The party affiliation shape shifter Sen. Joe Lieberman (Independent) has declared , "... as a matter of conscience, I will not allow this bill to come to a final vote." South Carolina's Sen. Lindsey Graham (R) has proclaimed, "The House bill is dead on arrival in the Senate." In addition, a few moderate Democrats said to hold the power in the Senate, are opposed to the government health insurance plan included in the House bill.
The power in the hands of the few moderate Democrats is the power to stop a Republican led filibuster. Senate Majority Leader Harry Reid (D) needs 60 votes to start debate and 60 votes to end discussion and call the bill to a final vote. Those few moderate Democrats' votes are very important in the scheme of things.
The primary opposition to the government plan is that it puts the government into competition with private insurers. I feel as if I've missed something. Haven't the conservatives supported capitalism and its system of free market enterprise with cries of competition is good?
Lieberman asserts that his opposition to a public option arises from his belief that it could be a huge and costly entitlement program. Entitlement is a big buzz word, implying that a slew of undeserving persons will benefit from the public option. How do you deserve medical care? How can you be undeserving of medical care? In one of the most affluent nations in the world, how can it possibly be acceptable that some people don't receive health care because of exorbitant costs for medical care and/or health insurance?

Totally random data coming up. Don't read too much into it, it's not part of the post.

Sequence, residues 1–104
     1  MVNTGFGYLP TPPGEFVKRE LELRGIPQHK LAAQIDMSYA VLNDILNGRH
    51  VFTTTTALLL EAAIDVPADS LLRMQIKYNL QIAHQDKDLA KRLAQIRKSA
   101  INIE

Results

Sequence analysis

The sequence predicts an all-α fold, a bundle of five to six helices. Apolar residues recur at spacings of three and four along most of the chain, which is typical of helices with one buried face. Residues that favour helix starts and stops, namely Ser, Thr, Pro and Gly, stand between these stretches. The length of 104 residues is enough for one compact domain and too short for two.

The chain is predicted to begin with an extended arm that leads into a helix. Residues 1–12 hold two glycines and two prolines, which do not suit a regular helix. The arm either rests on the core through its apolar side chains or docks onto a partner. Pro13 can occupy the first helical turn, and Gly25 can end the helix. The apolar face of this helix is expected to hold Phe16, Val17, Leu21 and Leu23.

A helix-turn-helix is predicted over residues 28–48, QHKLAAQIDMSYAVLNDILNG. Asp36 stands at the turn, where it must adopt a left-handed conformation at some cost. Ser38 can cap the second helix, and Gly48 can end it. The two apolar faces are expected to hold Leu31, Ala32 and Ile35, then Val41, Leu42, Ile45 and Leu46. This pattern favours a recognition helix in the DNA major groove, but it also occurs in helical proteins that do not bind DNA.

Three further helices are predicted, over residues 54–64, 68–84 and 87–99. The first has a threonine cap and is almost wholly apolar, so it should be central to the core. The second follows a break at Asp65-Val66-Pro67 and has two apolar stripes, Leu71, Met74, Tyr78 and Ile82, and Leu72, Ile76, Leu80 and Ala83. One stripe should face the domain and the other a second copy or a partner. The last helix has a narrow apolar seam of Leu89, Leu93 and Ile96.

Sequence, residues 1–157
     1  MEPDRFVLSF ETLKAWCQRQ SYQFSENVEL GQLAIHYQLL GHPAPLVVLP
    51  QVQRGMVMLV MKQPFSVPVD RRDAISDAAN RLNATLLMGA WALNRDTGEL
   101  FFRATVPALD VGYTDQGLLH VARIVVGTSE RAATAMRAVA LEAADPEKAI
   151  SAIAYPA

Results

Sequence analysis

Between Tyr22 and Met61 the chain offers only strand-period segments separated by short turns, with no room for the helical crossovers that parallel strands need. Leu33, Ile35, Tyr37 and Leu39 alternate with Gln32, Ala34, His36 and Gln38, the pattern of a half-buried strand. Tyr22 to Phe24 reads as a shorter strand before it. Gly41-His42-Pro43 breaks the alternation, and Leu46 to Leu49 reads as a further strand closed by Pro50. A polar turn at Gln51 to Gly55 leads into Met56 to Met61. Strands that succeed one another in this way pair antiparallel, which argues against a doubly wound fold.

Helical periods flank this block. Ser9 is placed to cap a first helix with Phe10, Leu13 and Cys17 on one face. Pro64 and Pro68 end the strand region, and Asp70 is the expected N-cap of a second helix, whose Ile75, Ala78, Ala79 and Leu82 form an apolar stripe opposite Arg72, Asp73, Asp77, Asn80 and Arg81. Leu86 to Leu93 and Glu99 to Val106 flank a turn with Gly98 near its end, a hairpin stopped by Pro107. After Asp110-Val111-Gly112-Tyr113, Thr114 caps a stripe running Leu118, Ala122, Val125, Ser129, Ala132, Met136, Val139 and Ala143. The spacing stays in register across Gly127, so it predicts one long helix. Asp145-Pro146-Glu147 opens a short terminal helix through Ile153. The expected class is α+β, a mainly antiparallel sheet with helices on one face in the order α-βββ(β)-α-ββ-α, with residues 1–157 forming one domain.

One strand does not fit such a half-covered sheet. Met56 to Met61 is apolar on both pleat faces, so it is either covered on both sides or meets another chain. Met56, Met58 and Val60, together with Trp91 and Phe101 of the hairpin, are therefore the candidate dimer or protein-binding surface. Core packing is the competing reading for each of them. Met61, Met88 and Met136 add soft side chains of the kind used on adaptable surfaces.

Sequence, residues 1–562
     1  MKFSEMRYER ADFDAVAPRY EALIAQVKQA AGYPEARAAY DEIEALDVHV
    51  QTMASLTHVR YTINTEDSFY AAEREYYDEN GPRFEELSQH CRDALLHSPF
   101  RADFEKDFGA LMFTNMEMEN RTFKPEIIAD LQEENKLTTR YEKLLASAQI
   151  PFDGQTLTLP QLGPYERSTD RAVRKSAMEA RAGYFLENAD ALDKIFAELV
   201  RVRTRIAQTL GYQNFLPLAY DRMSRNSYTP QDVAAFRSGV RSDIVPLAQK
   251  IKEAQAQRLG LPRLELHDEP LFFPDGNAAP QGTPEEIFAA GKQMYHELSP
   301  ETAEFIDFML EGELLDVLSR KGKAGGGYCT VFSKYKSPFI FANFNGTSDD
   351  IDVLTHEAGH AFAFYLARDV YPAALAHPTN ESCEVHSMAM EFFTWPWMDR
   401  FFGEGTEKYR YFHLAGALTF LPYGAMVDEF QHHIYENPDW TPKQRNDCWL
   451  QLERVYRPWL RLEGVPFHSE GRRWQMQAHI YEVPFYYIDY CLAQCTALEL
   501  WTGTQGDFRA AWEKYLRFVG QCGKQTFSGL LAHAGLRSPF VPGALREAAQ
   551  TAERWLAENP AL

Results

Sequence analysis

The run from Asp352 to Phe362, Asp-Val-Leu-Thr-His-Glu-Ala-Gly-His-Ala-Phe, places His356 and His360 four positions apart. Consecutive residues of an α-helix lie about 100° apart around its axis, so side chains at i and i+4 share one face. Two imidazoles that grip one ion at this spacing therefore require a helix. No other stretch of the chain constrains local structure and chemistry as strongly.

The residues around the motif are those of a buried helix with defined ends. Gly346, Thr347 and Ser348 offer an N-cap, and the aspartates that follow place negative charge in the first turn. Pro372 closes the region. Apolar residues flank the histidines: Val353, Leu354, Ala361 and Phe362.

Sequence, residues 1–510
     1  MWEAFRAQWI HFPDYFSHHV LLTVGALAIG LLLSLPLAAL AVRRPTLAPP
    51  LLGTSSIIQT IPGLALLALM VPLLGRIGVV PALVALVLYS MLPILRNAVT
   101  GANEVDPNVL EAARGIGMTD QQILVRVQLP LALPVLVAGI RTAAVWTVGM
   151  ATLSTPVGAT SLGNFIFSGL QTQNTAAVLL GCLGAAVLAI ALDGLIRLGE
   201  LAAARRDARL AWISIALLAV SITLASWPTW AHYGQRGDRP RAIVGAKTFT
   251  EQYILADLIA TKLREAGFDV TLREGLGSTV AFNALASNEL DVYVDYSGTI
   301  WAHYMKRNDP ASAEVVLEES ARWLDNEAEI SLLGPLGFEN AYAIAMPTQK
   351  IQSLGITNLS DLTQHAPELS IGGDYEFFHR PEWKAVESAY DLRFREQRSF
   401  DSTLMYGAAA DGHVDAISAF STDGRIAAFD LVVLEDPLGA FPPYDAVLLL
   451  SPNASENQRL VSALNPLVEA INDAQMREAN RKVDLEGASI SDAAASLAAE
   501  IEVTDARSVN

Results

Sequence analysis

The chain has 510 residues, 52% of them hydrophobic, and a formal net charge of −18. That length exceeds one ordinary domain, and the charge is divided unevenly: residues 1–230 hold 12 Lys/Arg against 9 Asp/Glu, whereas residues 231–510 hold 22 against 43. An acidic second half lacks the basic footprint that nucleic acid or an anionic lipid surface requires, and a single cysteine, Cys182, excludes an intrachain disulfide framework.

I smell more compromise in the air. Already, Republican Sen. Olympia Snowe of Maine, who voted for a version of the Senate bill in committee, has provided the Democrats with a fallback position. She's proposing the "trigger" option which would allow a government plan as a last resort, if after a few years premiums keep escalating and local health insurance markets remain in the grip of a few big companies. Frankly, I think that the trigger has already been pulled, over and over again. Exactly how costly do premiums have to get and how extensive does the monopoly of the health insurance market by a few major players have to be before the need for a government plan is triggered?
There are other major differences between the House and Senate bills:
- The House would require employers to provide coverage; the Senate would not.
- The House would pay for the coverage expansion by raising taxes on upper-income earners; the Senate would use a variety of taxes and fees, including a levy on high-cost insurance plans.
- The House plan would cost about $1.2 trillion over 10 years; the Senate version would cost under $900 billion.